Once construction is complete, signage will be added for visitors wanting to self-tour the site and learn some of its history.
The pavilion itself could be rented out for reunions, weddings or other events to generate income for upkeep, Hambrick said.
Those interested in following the progress of the restoration may do so by visiting the Blue Sulphur Springs Facebook page. Contributions to the pavilion’s restoration fund may be sent to Friends of the Blue, Greenbrier Historical Society, 814 Washington Street W., Lewisburg, WV 24901.
Hotel revenues in Charleston plunged by $17 million from March to July amid the coronavirus pandemic compared to the same period last year. The ripple effect spread further.
COVID-19 cancellations cleared streets of crowds ordinarily drawn to such events as Live on the Levee, Art Walk and FestivALL along with cook-offs, tournaments, conventions and festivals.
“If you’ve lost $17 million in hotel revenue,” said Tim Brady, president and CEO of the Charleston Convention and Visitors Bureau, “that’s a significant number of people not coming to the city, not walking down Capitol Street to eat at Adelphia [Sports Bar and Grille], get ice cream at Ellen’s [Homemade Ice Cream], buy something at Taylor Books [Cafe],” Brady said. “We’ve lost a lot of spending.”
The visitors bureau pivoted to focus on more localized marketing methods and local businesses, Brady said.
“What we recognized early in time is that we need those businesses to remain successful and be around after the pandemic, because those are the things people will want to be here in the future,” Brady said. “We’re going to continue that through the fall and winter because these locally owned businesses are struggling and we want to make sure we can help them get through in any way we can.”
This summer is the reverse of last year’s record revenue run at Adelphia, said owner Deno Stanley.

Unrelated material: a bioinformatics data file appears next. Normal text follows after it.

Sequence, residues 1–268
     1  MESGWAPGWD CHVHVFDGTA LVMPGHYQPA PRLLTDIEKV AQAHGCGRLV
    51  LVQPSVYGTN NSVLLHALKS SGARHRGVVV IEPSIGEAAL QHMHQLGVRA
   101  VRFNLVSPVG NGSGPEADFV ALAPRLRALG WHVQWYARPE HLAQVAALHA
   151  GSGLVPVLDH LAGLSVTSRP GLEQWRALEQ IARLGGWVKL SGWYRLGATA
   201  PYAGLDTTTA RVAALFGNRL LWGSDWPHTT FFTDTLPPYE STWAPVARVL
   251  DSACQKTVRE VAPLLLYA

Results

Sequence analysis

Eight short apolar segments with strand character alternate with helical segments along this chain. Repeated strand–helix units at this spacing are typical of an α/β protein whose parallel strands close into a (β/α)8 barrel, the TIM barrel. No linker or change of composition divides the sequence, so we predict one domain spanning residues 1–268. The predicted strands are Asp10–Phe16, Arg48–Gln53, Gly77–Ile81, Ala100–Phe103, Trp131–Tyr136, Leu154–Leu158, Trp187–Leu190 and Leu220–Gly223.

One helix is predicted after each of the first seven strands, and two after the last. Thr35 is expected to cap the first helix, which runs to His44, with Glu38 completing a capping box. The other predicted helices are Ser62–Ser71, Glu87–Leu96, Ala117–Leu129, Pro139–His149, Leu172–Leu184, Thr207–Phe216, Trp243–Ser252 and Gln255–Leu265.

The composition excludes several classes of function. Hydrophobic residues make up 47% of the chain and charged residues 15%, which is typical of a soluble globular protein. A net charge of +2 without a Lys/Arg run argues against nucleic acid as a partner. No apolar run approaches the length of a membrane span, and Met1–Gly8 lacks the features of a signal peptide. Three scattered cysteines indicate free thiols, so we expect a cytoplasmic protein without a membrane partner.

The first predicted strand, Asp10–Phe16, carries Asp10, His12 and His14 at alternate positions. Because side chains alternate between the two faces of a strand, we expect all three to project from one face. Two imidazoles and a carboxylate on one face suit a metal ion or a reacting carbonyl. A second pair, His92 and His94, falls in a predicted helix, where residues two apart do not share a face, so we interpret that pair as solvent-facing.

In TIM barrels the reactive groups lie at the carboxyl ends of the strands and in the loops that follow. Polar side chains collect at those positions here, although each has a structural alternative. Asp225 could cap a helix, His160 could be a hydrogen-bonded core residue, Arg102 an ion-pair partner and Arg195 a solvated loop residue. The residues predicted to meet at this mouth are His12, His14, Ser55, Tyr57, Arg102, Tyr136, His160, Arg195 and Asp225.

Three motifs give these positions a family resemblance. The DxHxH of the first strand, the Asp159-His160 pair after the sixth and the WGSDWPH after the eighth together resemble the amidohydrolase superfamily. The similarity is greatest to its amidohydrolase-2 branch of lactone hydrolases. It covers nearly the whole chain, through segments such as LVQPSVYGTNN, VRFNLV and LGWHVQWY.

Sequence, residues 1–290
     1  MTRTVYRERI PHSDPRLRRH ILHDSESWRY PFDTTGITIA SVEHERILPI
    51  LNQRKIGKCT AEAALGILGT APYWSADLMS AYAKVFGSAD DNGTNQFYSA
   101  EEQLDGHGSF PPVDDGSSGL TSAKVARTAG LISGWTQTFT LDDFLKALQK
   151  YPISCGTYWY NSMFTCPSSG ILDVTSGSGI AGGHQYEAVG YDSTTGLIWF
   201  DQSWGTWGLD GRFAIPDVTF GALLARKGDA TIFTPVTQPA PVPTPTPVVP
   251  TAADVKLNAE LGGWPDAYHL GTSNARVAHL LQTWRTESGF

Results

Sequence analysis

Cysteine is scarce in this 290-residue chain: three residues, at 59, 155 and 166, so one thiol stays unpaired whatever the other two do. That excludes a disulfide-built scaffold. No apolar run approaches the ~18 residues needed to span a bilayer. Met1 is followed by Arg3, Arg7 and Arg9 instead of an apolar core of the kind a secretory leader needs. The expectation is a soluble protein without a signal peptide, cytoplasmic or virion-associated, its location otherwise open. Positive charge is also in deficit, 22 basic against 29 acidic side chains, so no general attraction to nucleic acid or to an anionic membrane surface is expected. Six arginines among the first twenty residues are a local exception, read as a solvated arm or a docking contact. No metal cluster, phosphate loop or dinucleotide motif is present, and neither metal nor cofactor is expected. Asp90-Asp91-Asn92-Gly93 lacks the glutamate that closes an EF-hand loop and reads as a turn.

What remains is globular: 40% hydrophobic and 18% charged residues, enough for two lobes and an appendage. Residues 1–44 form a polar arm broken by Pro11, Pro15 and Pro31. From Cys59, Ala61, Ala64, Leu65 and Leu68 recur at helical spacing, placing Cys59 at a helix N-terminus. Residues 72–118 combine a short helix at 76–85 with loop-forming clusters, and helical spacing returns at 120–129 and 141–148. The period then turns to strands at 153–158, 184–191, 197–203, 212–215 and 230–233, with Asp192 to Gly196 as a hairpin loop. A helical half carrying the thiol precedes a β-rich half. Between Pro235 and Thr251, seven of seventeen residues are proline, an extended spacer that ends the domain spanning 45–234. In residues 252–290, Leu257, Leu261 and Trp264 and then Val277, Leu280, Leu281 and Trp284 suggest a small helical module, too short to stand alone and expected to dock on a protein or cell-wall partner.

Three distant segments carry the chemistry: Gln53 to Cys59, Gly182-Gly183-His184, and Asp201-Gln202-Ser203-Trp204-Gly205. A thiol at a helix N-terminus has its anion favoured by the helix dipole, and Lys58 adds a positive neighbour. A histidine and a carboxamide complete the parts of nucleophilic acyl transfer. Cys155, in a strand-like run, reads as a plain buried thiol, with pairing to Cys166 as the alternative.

“All the things we do here in summertime have been fantastic in years past. The biggest boon last year was the soccer [tournaments at Shawnee Sports Complex]. We were slammed day after day, and usually July and August are a little slower, but last year we had our best summer ever,” Stanley said. “This year, well, this year had us rethinking everything.”
When the pandemic began shutting down businesses, Black Locust Woodshop on Lee Street had been open just 153 days after Casi Pourfarhadi and Dan Riffle opened in late November.
“When we were looking for locations for the storefront, we were in downtown and we thought this would be perfect, you know, we could bring in 30-40% of our business at Art Walks, those kind of events,” Pourfarhadi said. “Obviously, that didn’t happen, though.”
Featuring hundreds of artists and spanning 15 days in June, FestivALL is usually a sure draw. The nonprofit organization staging the event adapted a digital format and will do the same for its fall event, said Maria Belcher, the group’s executive director. Belcher said organizers learned lessons amid the shutdown that could improve the events when they resume in person.
“This actually gave us an opportunity to engage with audiences we haven’t before, without geographic barriers or catching people who happened to be in town for another event,” Belcher said.
Dance groups filmed how-to videos for different dance styles. Some artists presented online galleries. Others hosted workshops.
“Yes, there was a learning curve, definitely, but these are things we can use in the future, no matter how FestivALL is held,” Belcher said. “The internet isn’t going anywhere, and we’ve learned to get creative, learned new ways to reach more people with our art.”
Each year, Belcher said, events such as FestivALL — in-person or not — only happen because of community buy-in. She said that’s held true during the pandemic, but there is sometimes a feeling of loss.